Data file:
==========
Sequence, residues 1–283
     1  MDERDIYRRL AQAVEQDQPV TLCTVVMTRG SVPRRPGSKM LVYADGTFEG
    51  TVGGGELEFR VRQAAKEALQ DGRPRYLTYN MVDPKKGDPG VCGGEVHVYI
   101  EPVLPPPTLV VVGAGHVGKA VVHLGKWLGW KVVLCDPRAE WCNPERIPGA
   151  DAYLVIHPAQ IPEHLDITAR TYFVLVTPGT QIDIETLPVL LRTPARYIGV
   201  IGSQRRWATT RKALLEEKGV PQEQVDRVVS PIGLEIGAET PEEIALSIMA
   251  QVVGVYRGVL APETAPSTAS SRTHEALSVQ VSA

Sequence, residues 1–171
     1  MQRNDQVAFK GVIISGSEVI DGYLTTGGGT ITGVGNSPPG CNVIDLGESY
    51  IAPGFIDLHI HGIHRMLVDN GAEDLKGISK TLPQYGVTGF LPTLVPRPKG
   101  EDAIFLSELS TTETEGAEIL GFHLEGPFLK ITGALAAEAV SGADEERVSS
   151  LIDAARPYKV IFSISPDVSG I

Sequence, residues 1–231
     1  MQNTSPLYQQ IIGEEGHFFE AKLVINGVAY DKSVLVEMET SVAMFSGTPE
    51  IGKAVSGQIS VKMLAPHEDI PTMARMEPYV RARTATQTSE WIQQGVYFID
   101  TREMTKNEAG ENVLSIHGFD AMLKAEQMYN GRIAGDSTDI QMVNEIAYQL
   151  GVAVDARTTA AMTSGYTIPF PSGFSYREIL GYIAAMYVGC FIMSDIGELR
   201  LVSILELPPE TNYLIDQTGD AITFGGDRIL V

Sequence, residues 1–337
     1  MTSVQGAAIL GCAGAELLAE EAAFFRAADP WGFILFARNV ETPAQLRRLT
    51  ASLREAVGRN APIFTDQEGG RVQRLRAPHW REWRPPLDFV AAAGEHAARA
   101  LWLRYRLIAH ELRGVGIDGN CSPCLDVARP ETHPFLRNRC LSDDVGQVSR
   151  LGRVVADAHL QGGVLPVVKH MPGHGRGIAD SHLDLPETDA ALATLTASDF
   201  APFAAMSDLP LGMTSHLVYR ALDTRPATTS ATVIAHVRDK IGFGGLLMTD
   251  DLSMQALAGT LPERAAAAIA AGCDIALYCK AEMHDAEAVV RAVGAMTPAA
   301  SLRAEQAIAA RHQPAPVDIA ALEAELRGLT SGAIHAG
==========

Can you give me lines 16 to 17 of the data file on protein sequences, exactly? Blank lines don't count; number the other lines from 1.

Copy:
   101  TREMTKNEAG ENVLSIHGFD AMLKAEQMYN GRIAGDSTDI QMVNEIAYQL
   151  GVAVDARTTA AMTSGYTIPF PSGFSYREIL GYIAAMYVGC FIMSDIGELR